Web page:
No tracks on the surface, period. No grade crossings, period. No 25,000 volt electric trains crossing the planned 600 volt 22 extension trolley bus on 16th Street. No crossing gates down for 20 minutes out of the hour at peaks.

    Note that THERE IS ABSOLUTELY NO NEED for a surface station at 4th&King provided that the Transbay Terminal is not utterly screwed up (which of course is the present “plan” from the World’s Finest Transportation Planning Professionals at TJPA/Caltrain/CHSRA.)

    By placing a competently-designed shared HSR/Caltrain station in a trench at the edge of Townsend Street, most of two entire city blocks (King/Townsend/Fourth/Sixth) can be freed of parked, out-of-service trains and given over to urban development. And Fifth Street can be continued over the station to rejoin King.

    With competent, post 19th-century operating practices and with competent, non-Caltrain shared facilities (tracks, stations, and platforms) and with competent, non-TJPA/Caltrain Transbay Terminal track design is it perfectly feasible to have a SINGLE terminal station in San Francisco, downtown, WHERE THE VOTERS WERE PROMISED CALTRAIN WOULD RUN, instead of the quite literally insane Caltrain scheme to make most Caltrain services — the trains carrying more riders than HSR ever will! — stop short, dumping passengers at Fourth Street where only few of them wish to go.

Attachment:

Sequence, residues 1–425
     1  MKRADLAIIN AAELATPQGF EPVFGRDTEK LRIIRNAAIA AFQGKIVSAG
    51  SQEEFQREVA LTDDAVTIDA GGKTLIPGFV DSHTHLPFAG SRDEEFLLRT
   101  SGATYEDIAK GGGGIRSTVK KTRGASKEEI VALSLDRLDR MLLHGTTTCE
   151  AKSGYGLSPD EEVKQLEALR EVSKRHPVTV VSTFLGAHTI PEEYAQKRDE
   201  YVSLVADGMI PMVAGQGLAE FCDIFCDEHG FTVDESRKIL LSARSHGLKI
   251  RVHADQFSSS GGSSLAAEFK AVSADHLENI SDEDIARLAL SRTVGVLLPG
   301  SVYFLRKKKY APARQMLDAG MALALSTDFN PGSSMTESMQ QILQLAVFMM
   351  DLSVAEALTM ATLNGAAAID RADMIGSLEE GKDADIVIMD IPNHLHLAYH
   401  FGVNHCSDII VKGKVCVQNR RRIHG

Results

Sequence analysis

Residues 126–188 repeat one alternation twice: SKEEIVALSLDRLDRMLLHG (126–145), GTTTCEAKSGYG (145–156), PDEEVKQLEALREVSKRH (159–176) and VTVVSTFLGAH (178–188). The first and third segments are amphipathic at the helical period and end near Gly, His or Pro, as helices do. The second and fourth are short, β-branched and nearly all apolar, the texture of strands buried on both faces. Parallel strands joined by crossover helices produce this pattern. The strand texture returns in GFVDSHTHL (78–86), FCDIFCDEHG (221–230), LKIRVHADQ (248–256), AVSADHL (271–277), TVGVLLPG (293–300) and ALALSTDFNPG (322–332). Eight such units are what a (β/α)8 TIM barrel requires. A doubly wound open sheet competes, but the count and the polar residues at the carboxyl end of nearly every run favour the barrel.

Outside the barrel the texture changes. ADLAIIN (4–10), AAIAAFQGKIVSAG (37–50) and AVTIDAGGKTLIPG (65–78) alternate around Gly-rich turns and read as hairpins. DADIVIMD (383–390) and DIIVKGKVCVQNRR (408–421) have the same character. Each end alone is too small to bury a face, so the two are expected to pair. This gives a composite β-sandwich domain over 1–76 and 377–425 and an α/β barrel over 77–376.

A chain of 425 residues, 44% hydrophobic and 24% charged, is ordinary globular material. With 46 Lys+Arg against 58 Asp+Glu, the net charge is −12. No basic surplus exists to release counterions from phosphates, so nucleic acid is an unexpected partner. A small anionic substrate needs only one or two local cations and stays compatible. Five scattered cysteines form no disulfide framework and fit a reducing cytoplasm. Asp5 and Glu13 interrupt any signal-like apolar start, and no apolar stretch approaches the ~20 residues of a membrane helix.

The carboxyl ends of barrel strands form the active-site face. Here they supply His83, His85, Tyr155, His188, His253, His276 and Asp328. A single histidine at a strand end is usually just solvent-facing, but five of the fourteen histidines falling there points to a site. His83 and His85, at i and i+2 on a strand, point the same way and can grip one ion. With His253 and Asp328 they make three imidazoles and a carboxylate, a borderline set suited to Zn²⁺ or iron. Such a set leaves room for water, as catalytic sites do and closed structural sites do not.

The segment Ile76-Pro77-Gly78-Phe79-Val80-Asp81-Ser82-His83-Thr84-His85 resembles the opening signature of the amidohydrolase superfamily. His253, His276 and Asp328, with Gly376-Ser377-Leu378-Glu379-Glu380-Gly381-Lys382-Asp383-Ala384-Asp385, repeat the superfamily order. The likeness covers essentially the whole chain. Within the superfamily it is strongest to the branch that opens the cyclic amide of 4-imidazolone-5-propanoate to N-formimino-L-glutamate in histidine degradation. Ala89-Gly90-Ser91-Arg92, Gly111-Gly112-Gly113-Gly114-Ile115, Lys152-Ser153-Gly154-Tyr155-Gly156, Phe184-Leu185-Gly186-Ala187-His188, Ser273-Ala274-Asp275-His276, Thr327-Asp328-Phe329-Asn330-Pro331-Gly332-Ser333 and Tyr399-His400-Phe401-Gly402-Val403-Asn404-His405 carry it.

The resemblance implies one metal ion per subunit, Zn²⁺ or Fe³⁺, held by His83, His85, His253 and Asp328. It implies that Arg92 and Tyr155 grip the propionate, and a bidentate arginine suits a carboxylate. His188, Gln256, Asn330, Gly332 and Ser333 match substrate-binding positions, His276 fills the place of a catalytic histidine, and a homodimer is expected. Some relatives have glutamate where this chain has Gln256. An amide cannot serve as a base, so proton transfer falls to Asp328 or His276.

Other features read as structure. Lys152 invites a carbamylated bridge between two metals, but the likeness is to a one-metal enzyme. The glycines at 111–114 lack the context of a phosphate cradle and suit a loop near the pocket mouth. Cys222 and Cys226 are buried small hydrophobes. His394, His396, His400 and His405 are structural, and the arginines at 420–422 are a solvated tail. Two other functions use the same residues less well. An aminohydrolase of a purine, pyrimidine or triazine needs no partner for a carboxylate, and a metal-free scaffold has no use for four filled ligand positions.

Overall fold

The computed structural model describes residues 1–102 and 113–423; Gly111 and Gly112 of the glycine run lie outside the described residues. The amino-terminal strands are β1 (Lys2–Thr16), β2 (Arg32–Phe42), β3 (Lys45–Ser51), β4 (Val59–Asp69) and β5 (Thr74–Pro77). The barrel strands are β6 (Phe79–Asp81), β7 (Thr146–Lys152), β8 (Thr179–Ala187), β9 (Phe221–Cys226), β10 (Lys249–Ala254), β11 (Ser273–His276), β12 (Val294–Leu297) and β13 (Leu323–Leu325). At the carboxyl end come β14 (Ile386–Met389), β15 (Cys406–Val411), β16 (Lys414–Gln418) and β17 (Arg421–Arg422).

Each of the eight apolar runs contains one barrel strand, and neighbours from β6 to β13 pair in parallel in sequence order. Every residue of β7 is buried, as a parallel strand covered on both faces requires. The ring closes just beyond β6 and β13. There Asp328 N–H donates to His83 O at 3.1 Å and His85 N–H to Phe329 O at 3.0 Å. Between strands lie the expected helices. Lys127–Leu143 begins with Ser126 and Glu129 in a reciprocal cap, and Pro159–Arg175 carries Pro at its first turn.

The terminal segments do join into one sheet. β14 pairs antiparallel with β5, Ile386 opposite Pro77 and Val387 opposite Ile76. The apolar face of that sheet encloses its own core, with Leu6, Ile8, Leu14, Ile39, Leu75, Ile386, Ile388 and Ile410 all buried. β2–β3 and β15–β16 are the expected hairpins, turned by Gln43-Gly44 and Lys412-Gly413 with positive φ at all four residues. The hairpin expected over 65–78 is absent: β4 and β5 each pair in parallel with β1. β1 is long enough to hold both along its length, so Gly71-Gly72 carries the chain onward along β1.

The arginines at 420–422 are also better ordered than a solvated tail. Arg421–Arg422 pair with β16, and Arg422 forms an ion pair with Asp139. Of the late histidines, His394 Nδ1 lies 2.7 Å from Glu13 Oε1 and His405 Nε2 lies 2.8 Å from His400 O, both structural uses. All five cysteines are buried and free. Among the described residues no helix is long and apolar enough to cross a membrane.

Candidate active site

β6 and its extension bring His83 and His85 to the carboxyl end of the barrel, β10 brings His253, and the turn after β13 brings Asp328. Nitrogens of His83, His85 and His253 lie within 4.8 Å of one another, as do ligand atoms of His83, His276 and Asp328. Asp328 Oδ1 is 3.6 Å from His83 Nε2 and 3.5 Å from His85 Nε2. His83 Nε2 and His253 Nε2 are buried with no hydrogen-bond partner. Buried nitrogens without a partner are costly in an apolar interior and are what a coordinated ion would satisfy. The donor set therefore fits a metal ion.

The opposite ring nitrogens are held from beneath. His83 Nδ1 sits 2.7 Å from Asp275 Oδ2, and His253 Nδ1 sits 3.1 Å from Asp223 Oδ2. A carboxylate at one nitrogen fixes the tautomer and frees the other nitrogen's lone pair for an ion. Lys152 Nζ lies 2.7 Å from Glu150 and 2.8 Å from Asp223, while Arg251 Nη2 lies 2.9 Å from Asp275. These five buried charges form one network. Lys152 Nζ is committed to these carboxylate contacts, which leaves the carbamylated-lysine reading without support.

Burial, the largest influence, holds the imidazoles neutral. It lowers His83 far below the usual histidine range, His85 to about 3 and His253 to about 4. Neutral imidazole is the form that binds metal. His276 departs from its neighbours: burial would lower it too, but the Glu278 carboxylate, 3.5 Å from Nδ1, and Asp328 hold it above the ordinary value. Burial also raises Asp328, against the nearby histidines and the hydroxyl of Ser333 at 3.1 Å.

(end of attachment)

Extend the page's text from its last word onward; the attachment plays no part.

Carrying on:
The whole situation we’re in is just hideously stupid, and entirely due to rank professional incompetence at he TJPA, Caltrain and the CHSRA. It isn’t rocket science. Rail planners outside the US (or more particularly, outside the transit-backward English-speaking world) do this stuff in their sleep.

    What a catastrophe for San Francisco we’re seeing instead. And how typical.

  • patrick

    @richard, I’m not knowledgeable enough to entirely understand most of the links you provided, but your written description sounds much better than the current plan.